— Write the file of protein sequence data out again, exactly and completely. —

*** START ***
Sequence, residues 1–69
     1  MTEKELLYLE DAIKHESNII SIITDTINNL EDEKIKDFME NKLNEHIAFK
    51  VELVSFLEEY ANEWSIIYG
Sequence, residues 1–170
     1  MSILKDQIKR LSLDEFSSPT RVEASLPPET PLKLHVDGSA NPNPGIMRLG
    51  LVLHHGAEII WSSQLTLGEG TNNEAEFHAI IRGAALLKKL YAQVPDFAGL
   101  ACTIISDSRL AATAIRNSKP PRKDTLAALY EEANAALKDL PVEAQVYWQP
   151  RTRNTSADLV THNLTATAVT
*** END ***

Sequence, residues 1–69
     1  MTEKELLYLE DAIKHESNII SIITDTINNL EDEKIKDFME NKLNEHIAFK
    51  VELVSFLEEY ANEWSIIYG
Sequence, residues 1–170
     1  MSILKDQIKR LSLDEFSSPT RVEASLPPET PLKLHVDGSA NPNPGIMRLG
    51  LVLHHGAEII WSSQLTLGEG TNNEAEFHAI IRGAALLKKL YAQVPDFAGL
   101  ACTIISDSRL AATAIRNSKP PRKDTLAALY EEANAALKDL PVEAQVYWQP
   151  RTRNTSADLV THNLTATAVT